The challenge in the Gambia is a simple one. But it can be made complicated depending on the choices we want to make. It is a straight forward story. On December 1, 2016, elections were held in which opposition leader, Adama Barrow defeated incumbent President Yahya Jammeh by 263,515 votes to 212,099. That is a 51,416 vote difference.
The following day even before the final results were announced, Jammeh who had ruled the country for twenty two years publicly conceded defeat, saying that Gambians and God want him to take the back seat. Four days later, the electoral commission made two shocking announcements. First, that the total votes cast were actually 9.1 percent lower than those it had announced. Second, that there were errors in its counting as some of the votes counted in Barrow’s favour actually belonged to Jammeh. Based on these, it released another set of results which showed Barrow with 227,708 votes – 35,807 votes lower that what had been earlier declared, and Jammeh with 212,099 or 3,612 more votes. With this, the vote difference narrowed from 51,416 votes, to 19,212 votes. I was not comfortable that a national electoral commission could not properly tally votes that were less than six hundred thousand.
Four days after the reversed results were announced, Jammeh rejected the entire results demanding a rerun of the elections on the basis of what he claims are “… serious and unacceptable abnormalities which have reportedly transpired during the electoral process.” He therefore decided to appeal the results at the Gambian Supreme Court in accordance with the country’s laws that allows a candidate dissatisfied with electoral results to appeal these within ten days.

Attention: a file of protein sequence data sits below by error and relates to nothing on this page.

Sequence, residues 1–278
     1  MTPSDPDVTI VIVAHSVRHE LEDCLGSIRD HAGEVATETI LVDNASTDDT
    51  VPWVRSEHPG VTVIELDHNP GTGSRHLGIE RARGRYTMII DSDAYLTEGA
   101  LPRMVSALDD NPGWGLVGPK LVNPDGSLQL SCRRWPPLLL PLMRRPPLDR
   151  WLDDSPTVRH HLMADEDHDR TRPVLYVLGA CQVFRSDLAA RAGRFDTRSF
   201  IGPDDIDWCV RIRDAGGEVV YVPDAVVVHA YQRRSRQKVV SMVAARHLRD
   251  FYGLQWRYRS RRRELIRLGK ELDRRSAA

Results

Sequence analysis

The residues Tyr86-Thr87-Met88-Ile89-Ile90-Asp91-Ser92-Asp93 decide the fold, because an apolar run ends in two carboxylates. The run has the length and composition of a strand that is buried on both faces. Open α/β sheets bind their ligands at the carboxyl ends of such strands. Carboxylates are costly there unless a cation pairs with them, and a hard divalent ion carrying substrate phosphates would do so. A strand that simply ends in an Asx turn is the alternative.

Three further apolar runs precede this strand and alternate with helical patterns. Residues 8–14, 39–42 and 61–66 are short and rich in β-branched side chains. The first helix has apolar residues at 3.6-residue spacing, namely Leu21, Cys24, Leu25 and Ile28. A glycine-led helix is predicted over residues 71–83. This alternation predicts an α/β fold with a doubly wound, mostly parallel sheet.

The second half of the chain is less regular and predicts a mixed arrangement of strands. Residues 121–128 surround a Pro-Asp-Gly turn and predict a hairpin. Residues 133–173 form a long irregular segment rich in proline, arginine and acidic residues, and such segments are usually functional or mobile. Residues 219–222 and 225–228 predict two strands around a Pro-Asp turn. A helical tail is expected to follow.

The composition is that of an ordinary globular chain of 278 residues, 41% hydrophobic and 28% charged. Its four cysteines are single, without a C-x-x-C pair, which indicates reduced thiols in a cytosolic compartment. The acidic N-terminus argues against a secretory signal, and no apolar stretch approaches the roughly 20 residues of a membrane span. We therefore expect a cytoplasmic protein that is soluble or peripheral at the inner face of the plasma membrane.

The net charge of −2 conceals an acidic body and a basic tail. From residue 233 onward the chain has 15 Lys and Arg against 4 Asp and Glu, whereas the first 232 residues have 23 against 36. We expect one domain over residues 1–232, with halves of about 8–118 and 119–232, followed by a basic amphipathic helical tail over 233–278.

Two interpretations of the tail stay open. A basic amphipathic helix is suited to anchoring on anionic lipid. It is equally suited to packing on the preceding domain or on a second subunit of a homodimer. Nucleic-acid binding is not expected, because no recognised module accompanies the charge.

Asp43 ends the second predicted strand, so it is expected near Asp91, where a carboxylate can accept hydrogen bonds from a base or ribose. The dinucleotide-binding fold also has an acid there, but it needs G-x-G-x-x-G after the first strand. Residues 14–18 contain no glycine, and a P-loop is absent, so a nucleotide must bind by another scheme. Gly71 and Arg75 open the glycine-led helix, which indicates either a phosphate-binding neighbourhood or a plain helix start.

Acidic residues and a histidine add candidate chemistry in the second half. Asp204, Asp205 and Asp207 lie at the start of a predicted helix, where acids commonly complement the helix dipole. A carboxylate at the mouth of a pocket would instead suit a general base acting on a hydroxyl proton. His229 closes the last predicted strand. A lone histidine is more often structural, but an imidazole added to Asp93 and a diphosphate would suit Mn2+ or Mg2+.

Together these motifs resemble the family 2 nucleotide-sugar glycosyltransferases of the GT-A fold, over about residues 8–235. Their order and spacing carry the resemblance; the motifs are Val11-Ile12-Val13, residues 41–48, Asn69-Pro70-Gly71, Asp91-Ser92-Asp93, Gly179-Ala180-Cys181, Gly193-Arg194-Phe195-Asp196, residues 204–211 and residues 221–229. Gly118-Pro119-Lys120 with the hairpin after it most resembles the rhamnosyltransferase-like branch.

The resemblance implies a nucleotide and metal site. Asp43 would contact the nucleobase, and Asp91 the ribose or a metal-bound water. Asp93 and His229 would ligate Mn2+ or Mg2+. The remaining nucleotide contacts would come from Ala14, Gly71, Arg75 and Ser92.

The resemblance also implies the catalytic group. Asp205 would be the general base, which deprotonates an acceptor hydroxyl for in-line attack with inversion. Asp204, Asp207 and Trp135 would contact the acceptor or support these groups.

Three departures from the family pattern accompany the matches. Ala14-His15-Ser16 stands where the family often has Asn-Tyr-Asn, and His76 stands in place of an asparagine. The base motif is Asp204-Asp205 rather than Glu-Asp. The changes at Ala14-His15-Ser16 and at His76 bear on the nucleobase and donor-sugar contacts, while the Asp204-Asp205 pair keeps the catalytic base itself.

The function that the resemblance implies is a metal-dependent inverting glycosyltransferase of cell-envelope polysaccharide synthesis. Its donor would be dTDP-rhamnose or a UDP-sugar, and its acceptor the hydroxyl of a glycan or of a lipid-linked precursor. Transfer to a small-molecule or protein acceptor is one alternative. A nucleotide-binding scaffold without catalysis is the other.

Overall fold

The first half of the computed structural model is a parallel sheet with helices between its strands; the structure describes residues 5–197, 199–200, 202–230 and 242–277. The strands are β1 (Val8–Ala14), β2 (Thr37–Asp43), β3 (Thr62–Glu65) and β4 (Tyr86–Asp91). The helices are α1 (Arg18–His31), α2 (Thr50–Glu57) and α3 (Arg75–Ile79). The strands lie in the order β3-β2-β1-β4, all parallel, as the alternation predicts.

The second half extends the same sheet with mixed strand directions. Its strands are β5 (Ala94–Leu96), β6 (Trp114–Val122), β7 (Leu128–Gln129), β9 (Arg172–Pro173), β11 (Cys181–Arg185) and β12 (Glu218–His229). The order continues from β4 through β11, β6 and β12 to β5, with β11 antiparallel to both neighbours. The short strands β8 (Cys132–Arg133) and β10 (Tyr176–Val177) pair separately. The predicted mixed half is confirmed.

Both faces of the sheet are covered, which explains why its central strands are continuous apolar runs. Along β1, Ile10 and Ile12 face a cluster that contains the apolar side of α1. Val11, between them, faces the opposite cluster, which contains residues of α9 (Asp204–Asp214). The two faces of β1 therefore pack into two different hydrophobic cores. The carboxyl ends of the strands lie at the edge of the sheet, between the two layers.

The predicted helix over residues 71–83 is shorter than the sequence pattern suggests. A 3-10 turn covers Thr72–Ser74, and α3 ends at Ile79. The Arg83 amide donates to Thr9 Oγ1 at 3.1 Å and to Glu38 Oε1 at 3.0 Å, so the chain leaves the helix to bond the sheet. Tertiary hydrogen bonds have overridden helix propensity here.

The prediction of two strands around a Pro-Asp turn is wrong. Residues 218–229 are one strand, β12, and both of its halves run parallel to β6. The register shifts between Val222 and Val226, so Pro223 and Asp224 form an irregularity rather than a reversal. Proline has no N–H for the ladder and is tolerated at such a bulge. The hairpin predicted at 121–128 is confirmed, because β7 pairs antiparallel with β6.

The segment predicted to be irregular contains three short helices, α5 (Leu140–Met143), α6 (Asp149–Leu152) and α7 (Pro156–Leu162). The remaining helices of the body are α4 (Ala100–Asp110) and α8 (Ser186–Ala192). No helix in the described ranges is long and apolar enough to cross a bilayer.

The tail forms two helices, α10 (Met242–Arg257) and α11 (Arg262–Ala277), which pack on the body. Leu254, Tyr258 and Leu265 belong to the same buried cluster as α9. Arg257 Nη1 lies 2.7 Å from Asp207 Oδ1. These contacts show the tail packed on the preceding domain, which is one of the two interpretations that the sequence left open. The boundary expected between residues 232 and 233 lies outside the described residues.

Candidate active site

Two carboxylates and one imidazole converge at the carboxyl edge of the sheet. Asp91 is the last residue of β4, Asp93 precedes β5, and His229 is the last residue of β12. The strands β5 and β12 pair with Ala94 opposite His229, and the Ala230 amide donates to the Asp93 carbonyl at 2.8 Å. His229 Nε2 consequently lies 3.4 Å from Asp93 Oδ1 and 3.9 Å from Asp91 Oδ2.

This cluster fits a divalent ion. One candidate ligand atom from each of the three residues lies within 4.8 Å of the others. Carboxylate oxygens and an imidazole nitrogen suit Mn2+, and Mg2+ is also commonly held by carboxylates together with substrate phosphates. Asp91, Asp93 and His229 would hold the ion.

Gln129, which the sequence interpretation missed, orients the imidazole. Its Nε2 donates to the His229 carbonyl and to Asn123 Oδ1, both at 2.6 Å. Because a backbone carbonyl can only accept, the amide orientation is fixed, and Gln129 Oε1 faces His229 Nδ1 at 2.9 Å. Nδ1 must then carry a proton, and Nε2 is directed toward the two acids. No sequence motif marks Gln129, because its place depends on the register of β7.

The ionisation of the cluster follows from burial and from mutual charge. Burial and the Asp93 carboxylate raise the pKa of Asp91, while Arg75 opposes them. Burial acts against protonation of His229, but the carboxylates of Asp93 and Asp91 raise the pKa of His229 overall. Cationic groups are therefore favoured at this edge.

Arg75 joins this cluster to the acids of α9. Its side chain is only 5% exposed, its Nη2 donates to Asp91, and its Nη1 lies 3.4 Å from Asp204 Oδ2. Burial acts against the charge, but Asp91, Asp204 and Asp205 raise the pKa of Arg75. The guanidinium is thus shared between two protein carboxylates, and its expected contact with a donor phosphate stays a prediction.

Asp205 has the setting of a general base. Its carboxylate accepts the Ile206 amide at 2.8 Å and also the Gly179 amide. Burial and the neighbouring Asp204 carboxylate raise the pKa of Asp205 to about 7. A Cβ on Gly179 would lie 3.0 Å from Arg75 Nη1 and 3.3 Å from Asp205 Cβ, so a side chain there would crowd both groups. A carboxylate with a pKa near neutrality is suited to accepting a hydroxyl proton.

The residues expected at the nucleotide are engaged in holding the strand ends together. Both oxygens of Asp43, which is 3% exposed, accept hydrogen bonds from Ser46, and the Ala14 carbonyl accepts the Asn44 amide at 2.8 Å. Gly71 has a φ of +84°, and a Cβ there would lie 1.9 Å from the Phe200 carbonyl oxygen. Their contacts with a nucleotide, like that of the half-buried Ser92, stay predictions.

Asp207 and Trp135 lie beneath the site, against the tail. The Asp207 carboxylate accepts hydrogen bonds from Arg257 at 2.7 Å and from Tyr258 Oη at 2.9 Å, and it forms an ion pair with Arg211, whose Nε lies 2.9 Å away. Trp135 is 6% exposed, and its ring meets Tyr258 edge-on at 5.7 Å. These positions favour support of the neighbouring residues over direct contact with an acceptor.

But the world seems to have risen up against Jammeh; they do not want him to avail himself of the electoral rules in his country, but that he should simply give up power. The United States said his decision to seek constitutional/legal redress is merely an attempt to hold on to power. The African Union, which takes care of the interest of Africans, ruled that since President Jammeh had initially accepted the results, his subsequent rejection was “null and void”.
Jammeh’s colleagues in the Economic Community of West African States (ECOWAS) initially took mediatory steps, but when they met in Abuja on December 17, the gloves were off. They told him to “accept the result of the polls and refrain from any action likely to compromise the transition and peaceful transfer of power to the President-elect.” In taking a firm stand against Jammeh, they resolved: “That all Head of States will attend the inauguration of the President-elect Adama Barrow who must be sworn in on 19th January 2017 in conformity with the Gambian constitution.”
In the unfolding narration, it is pertinent to ask: Was Jammeh sincere when he initially accepted defeat even before the final vote tally? I am inclined to answer in the affirmative. Why he subsequently changed his mind becomes a matter of conjecture. Perhaps, the electoral commission’s review of the votes alerted him to possible electoral fraud. On the other hand, he might just have decided to hang on to power. If the latter were the case, was he reacting to threats by victors, including Fatoumata Jallow Tambajang, chair of the victorious opposition, to skin him alive or he succumbed to pressure from his inner circle?
There seems to be some unanimity that the Gambian Supreme Court, to which Jammeh has appealed, will not deliver justice despite it being headed by a Nigerian, Justice Emmanuel Olusegun Fagbenle.
I am not a fan of Jammeh, but what is clear to me is that he is seen as a bad boy of Africa, and perhaps an embarrassment to some of his colleagues. So they want him out, even if it means depriving him of his constitutional right of appeal, or trampling on Gambian laws. The ECOWAS threat to intervene militarily may not be the best option; what has happened to our legendary African wisdom in resolving disputes?
Supposing Jammeh refuses to budge and Gambia’s bigger brothers send in troops through the Senegalese border as threatened, do we know what the eventual outcome will be? Can Africa not learn from mighty NATO’s invasion of Iraq and Afghanistan?
President Jammeh is like a man holding a sword, you may be badly cut trying to snatch it from him. It might be better to persuade him to sheath and handover the sword. We may know the beginning of an armed conflict, and even accurately predict its outcome, but we may never know when or how it will end and its implications.
Owei Lakemfa, former Secretary General of African Workers is a Human Rights activist